We’re often told to go for products with certain ingredients. If you dry skin, you’re told to go for a moisturiser with an emollient and if you’re at the other end of the spectrum and have oily skin, then a cleanser with salicylic acid is your winning ticket. But what do these ingredients actually do? A clear understanding of how certain things function can help you make better choices when it comes to skincare products.
Here are a few popular words that you might have come across before and probably didn’t care to research because you ‘heard’ it was good:
E for Emollients
Emollients generally hold moisture in the skin. They keep the skin looking soft and supple. Some very popular and effective emollients would be avocado oil, shea butter and glycerine. If you have dry skin then always go for a moisturiser that has an emollient.
A for Alpha Hydroxy Acids (AHA)
AHA’s are naturally occurring acids found in milk and fruits. Generally, they help speed up the exfoliating process. This improves the texture of the skin and helps unclog nasty pores. Glycolic acid is one of the most commonly used AHAs.
A for Antioxidants
You’ve probably seen this word a couple of hundred times at this stage! Without getting too scientific, antioxidants keep the skin protected from harm caused by free radicals (damaged cells that can be problematic). Vitamins A, C and E, green tea, beta-carotene, and grape seed extracts are all highly effective antioxidants.
E for Exfoliators
I love a good exfoliator! They are designed to help remove dead cells from the skin and help whatever you put on your face afterwards become for effective. As a rule of thumb, always look for an exfoliator that is designed especially for your face. Body scrubs are far too harsh to use on the delicate skin of la visage.
H for Humectants
Humectants absorb water from the air and help the skin retain moisture. Some very effective humectants include glycerin, algae extract and lactic acid.
B for Balms
Balms are super-rich moisturisers like shea butter or avocado extract that help target dry patches of the skin. They’re usually designed for people who have super dry skin but if you want a subtle glow on your face, you could warm some balm in between your hands and pat your cheeks after you’ve applied your makeup.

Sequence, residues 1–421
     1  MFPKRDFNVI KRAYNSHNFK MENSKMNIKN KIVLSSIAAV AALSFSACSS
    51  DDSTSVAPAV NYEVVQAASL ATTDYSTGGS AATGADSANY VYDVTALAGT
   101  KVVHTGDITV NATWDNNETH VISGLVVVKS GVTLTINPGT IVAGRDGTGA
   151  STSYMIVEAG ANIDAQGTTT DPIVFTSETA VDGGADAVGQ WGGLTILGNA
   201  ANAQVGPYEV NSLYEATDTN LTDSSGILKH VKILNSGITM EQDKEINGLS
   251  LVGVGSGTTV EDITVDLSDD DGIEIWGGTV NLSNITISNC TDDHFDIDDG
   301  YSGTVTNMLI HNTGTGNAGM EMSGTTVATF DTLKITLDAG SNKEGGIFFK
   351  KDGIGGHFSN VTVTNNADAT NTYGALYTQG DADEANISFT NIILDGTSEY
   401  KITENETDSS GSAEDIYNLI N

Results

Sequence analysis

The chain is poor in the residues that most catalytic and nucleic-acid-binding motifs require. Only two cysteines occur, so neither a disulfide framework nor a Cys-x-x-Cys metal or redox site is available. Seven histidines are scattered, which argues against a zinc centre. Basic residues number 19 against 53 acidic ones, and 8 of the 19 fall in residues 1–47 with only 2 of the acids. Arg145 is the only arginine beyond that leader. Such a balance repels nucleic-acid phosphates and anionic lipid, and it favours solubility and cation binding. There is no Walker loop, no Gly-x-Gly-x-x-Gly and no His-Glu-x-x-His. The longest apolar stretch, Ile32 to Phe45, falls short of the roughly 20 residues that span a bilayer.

C for Collagen
Collagen is a fibrous protein that is present in the skin. When someone has high levels of collagen in their skin, it appears nice and firm. (I bet you just thought of someone there). As we age, the level of collagen declines and wrinkles begin to form. That’s why some older women – and even men – like to get injections, as they temporarily replace lost collagen.
R for Retinoids (Retin-A, Retinal, Renova)
Retinoids are derived from vitamin A. They are used in beauty products to fight acne and help build collagen to reverse the visible signs of aging. Since using retinoids makes the skin more sensitive to the sun, it is important to use an SPF. Some natural sources of retinoids include tomatoes, melon,fish-liver oils and leafy green vegetables.
SPF (Sun Protection Factor)
My favourite S word! SPF measures the degree of protection a product provides against harmful UVB rays from the sun. A lot of people are under the impression that an SPF should only be worn in the summer, however, it should be worn all year around.
S for Serums
Serums are corrective skin treatments that are highly concentrated and packed with ingredients to target specific skin problems. Uneven skin tone and dullness are usually it. Common ingredients found in serums would be vitamin C and green tea extract. They are generally applied after cleansing and before moisturising.
Vitamin K helps promote faster healing of swelling, bruising and skin irritation. A beauty product that contains this vitamin would be ideal for people with sensitive skin.
Vitamin E provides antioxidant protection. It protects the fatty acids in the skin which help keep the skin firm and young looking. Not many people know that vitamin E can act as a mild sunscreen as it has an SPF factor of 3.
Vitamin C is an antioxidant that reduces the pigmentation of scars, making them less noticeable. High doses of vitamin C helps create a more even skin tone. Natural sources of this vitamin include oranges, red peppers and kiwis.
- 10000If your beauty regime consists of cleansing, exfoliating, toning, moisturising and the occasional face mask, then you’ve probably already noticed that things can get a bit heavy on your pocket – particularly around this time of year. Fortunately, you don’t have to spend a huge amount of cash to find a…